UNITED STATES of America, Plaintiff–Appellee, v. Derrick Reuben SMITH, Defendant–Appellant.
-- January 25, 2013
Alleen Castellani VanBebber of McDowell, Rice, Smith & Buchanan, P.C., Kansas City, MO, for Defendant–Appellant.Scott E. Williams, Assistant United States Attorney (Sanford C. Coats, United States Attorney, and Chris M. Stephens, Assistant United States Attorney, with him on the brief), Oklahoma City, OK, for Plaintiff–Appellee.
Defendant Derrick Reuben Smith was convicted by a jury on one count of conspiracy to commit wire fraud in relation to real estate mortgages. The district court declared a mistrial as to four other counts on which the jury could not reach a verdict, later dismissing these counts without prejudice. At sentencing, the district court calculated an advisory sentencing range of thirty-seven to forty-six months' imprisonment. The court then sentenced Defendant to forty months' imprisonment and ordered payment of $369,455.54 in restitution. On appeal, Defendant objects to the district court's dismissal of the mistried counts without, rather than with, prejudice. He also raises two challenges to the district court's calculation of actual loss in its determination of the applicable sentencing range.
Defendant was a real estate investor who conspired to defraud mortgage lenders by setting up sales to straw buyers at inflated prices, with the excess loan proceeds being distributed to Defendant and others. When the buyers then defaulted on the loans, the lenders were unable to recoup the full loan amounts at foreclosure.
The indictment alleged the sales of two houses as overt acts in furtherance of the conspiracy. Both houses were located in the Raintree Acres Addition in Edmond, Oklahoma, and had been recently constructed by the same builder. The first house, 13400 Tahoe Drive, was purchased by one of Defendant's acquaintances in July 2006 for $425,000, which was $50,000 more than the initial asking price of $375,000. At closing, the real estate company received an “extraordinarily high” combined commission and bonus of $51,950 (R. Vol. 3 Part 2 at 147), and both the buyer and Defendant subsequently received payments out of this commission. Approximately $405,000 of the purchase price was funded by a lender, while the home builder agreed to receive a seller-carry mortgage for the remaining amount. This seller-carry mortgage was subsequently released without the buyer ever making a payment. The house was sold for a substantial loss in a subsequent foreclosure sale. The same real estate company was involved in the sale of the second home, 7409 N.E. 133rd Street, which Defendant's wife purchased in January 2007 for $435,000, $60,000 more than the initial asking price of $375,000. At this closing, the real estate company received a $19,950 commission and a $58,000 bonus, keeping the commission and turning the bonus over to Defendant. A lender funded more than $410,000 of the inflated purchase price, but the home was sold in foreclosure for only $300,000. With both houses, the income on the buyer's loan application was severely inflated, and other aspects of the transactions also indicated their fraudulent nature. The real estate broker and real estate agent involved in these sales were indicted along with Defendant, and both pled guilty before the case went to trial.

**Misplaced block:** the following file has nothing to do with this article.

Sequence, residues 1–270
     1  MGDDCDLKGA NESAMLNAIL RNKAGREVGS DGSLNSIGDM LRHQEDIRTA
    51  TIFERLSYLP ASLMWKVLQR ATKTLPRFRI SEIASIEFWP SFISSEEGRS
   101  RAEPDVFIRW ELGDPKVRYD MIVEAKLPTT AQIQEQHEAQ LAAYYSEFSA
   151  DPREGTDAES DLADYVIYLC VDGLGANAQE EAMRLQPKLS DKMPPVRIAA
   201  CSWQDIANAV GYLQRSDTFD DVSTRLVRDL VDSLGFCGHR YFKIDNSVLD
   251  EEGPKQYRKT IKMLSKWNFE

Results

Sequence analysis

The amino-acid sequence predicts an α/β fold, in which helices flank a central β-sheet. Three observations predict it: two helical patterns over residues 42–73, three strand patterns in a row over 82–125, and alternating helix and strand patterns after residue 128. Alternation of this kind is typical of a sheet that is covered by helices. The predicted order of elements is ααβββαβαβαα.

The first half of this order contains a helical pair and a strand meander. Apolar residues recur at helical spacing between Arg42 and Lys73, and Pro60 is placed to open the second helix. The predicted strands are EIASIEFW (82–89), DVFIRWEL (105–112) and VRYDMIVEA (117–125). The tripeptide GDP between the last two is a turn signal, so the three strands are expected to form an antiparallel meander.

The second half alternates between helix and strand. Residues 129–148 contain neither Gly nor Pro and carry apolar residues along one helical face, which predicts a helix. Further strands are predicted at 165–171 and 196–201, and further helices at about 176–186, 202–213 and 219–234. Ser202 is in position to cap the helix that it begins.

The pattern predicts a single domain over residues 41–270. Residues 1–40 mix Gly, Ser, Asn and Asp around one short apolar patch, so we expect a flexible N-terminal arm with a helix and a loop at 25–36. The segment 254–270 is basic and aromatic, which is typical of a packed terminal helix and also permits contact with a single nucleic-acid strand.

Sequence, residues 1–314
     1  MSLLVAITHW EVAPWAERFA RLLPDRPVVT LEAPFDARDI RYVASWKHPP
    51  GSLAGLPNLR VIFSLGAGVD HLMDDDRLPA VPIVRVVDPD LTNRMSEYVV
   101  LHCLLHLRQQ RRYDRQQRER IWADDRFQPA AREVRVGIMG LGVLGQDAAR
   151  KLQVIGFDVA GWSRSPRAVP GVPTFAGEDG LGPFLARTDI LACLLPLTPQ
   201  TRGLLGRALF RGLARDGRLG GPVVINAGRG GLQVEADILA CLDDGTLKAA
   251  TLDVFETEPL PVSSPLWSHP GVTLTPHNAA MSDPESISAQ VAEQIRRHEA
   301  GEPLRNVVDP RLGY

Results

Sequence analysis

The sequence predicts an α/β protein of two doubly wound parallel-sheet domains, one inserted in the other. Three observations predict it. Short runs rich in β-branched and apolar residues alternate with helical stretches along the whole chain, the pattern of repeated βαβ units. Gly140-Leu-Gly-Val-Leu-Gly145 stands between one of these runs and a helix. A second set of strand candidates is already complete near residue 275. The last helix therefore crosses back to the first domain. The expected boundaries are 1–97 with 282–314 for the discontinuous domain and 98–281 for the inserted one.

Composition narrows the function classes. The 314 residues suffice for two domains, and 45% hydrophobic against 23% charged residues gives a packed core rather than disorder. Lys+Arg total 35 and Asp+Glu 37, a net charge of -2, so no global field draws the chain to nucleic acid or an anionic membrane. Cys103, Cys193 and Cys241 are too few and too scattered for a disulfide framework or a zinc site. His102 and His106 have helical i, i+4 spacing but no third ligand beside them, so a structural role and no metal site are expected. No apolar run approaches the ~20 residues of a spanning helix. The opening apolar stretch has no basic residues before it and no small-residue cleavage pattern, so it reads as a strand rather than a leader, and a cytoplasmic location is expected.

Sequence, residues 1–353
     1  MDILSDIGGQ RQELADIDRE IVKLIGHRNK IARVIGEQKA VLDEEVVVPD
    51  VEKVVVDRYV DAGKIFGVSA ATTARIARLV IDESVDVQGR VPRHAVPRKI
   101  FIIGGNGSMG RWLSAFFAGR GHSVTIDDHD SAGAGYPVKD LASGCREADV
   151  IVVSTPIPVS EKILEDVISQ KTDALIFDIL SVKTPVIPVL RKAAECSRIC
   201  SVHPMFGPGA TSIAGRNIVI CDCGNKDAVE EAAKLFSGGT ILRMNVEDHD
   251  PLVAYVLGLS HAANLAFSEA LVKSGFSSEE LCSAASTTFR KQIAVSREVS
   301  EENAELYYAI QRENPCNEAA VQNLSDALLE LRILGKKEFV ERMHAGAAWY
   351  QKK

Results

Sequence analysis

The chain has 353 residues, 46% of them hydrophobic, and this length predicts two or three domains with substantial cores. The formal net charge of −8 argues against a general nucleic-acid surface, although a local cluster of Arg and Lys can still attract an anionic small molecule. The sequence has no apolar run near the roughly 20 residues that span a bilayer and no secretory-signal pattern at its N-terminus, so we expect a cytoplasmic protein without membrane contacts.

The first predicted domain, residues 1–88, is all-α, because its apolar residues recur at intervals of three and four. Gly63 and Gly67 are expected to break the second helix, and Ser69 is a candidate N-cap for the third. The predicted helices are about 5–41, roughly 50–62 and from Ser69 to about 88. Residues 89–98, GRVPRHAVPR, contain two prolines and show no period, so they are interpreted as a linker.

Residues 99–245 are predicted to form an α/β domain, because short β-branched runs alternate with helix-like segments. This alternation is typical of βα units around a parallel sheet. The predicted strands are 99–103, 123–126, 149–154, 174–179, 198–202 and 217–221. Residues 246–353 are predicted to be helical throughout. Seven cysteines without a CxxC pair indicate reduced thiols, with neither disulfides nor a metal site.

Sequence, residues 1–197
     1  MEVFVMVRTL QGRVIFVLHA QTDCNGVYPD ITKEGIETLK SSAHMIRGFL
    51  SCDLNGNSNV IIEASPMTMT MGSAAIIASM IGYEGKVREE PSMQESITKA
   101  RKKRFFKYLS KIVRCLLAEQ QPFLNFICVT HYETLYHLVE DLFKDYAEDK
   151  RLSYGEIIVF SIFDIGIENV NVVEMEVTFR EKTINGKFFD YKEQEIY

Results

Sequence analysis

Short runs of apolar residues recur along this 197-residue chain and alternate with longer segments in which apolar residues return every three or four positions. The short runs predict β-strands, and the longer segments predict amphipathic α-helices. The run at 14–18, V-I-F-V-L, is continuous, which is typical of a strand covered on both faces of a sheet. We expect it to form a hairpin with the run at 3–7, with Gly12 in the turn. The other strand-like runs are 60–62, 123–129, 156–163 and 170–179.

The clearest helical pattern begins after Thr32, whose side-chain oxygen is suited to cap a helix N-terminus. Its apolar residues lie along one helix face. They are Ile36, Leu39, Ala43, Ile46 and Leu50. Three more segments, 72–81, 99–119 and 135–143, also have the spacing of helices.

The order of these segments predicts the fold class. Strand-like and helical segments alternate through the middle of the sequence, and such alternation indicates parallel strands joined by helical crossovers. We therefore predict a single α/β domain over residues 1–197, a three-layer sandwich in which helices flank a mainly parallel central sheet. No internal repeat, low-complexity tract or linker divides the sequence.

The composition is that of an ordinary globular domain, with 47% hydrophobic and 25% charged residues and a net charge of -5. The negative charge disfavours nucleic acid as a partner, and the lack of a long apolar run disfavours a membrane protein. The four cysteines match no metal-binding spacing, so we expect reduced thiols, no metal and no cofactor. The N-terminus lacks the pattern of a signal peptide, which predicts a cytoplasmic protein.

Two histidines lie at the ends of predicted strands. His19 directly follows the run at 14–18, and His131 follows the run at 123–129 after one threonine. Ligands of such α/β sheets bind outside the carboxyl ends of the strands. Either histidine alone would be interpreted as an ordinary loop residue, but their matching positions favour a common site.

Defendant was indicted on five counts of the fourteen-count indictment. The jury found him guilty of conspiracy to commit wire fraud in regard to real estate mortgages but could not reach a verdict on the other four counts (two counts of wire fraud and two counts of money laundering). The district court declared a mistrial as to these counts. After the seventy days provided for a retrial under the Speedy Trial Act had passed, Defendant filed a motion for dismissal with prejudice of the mistried charges. While the district court agreed the Speedy Trial Act had been violated, it decided dismissal without prejudice was the appropriate remedy under the circumstances. The court accordingly dismissed these counts without prejudice.